Cockleburs are large weeds that can grow anywhere from two to four feet tall. They’re very hardy and can grow nearly anywhere. You may be familiar with them, as their burs (the fruit they produce) are very sticky and can hook onto pet fur or clothing. Though the plant is wind pollinated, it can also spread using its burs.
Schedule an allergy consultation with Wyndly to get your personalized allergy treatment plan, and read on to learn more about cocklebur allergies.
If you have cocklebur allergies, you may experience several symptoms, including:
- Runny nose
- Scratchy throat
- Itchy eyes
- Watery eyes
- Allergic rash
- Aggravated symptoms for people who have asthma
You may notice your allergy symptoms become more severe when allergy season is peaking or when the pollen count is high in your area.
Where Is Cocklebur Found?
Cocklebur is found throughout the United States and can grow nearly anywhere. It’s most commonly found in fields, croplands, waste areas, vacant plots of land, floodplains, and nearly anywhere else it’s allowed to grow. Since it’s a weed, it is often removed from lawns and other residential areas.
When Is Cocklebur Pollen Allergy Season?
Cocklebur allergy season typically starts in the middle of summer and will end at the beginning of fall. You can expect the season to start around mid-July, peak in August and early September, and taper off before October.
Foods to Avoid
If you have allergies to cocklebur, there is a chance that you also have allergies to several different types of food. This reaction is called OAS or oral allergy syndrome, and it happens when your immune system mistakes the proteins in certain foods with similar proteins in cocklebur pollen. Though there aren’t any foods specific to cocklebur pollen, cocklebur is closely related to ragweed and can be cross-reactive with its pollen.
Here are some of the foods to watch out for:
- Chamomile tea
- Raw honey
- Sunflower seeds
If you experience a tingly or itchy feeling in your mouth or throat after consuming these foods, you likely have OAS. These symptoms should subside on their own fairly quickly, but if you have a more severe reaction, you should seek emergency medical attention right away.
Testing and Diagnosis
It’s not easy to find out if you’re allergic to cocklebur pollen specifically. Since cocklebur is producing pollen at the same time of year as many other plants, it can be difficult to determine which pollen is causing symptoms. Instead of guessing, you can take an allergy test to find out for sure. Wyndly makes it so you can take your allergy test at home. Buy your at-home allergy test from Wyndly today!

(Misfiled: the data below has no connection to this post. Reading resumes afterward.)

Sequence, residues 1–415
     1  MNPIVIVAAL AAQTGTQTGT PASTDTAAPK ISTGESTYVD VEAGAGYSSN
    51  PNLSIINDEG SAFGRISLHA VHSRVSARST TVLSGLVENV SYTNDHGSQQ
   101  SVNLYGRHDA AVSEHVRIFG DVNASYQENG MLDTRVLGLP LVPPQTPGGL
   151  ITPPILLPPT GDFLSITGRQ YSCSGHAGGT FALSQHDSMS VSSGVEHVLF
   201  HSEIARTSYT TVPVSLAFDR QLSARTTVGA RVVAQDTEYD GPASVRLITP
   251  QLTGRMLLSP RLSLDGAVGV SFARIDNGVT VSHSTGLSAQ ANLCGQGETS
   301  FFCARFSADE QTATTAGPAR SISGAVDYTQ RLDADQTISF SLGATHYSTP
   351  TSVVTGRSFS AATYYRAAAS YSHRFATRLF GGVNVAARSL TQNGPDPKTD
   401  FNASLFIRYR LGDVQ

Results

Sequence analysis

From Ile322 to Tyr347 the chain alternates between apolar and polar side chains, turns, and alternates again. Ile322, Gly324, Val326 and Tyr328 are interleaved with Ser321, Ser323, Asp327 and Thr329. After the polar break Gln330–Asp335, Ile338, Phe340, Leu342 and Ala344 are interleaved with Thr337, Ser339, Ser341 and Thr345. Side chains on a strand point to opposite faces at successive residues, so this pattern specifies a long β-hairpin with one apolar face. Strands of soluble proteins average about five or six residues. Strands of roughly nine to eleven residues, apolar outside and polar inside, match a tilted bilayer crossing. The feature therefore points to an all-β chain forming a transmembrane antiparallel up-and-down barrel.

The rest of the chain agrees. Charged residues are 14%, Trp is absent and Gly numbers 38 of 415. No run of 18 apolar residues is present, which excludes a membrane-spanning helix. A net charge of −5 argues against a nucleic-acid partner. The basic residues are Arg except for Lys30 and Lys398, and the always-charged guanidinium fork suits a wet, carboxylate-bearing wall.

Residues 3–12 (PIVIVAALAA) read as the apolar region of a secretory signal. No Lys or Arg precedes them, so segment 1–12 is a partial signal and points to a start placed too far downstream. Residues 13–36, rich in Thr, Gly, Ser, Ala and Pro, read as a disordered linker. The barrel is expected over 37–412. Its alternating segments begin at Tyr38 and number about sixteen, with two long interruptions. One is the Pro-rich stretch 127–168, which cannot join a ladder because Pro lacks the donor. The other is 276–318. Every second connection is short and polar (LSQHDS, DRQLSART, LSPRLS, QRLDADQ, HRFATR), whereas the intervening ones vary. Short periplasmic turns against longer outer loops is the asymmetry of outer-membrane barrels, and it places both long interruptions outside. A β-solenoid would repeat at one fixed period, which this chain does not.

Let’s look at how different allergy testing options work.
Old-Fashioned Method: Skin Prick Test at Your Doctor’s Office
Skin prick testing requires you to go to the doctor to find out your allergen triggers. It’s often uncomfortable, and it takes time out of your day. You’ll go to the doctor’s office, and they’ll administer a test where they prick or scrape your skin with a needle tipped with different allergens, and then they’ll observe the areas they pricked for itchiness, redness, or swelling. All in all, it’s not a pleasant experience. Instead, you can save yourself time and discomfort by getting an at-home test.
Modern and Efficient At-Home Method
- Order Wyndly’s at-home allergy test. We ship our CLIA-certified test straight to your door.
- Take the allergy test and send it back to us. Just do a quick finger prick test to provide us with a blood sample and mail it back when you’re done.
- Receive your personal allergy profile. Our doctor will interpret your results, create an allergy profile, and walk you through a personalized treatment plan.
Unlike self-diagnosis, an allergy test can reveal the full breadth of your allergies. This way you know exactly what you’re allergic to and how you can treat your symptoms.
Treatment and Remedies
If you do have cocklebur allergies, you don’t have to simply deal with the symptoms until allergy season is over. There are plenty of ways to manage and even treat your allergy symptoms. Here are some of the remedies and treatment options you may want to consider.
Once allergy season rolls around, it’s a good idea to take some extra precautions to limit your exposure to your allergens. Since airborne pollen is hard to avoid altogether, you can take these measures to keep exposure to a minimum.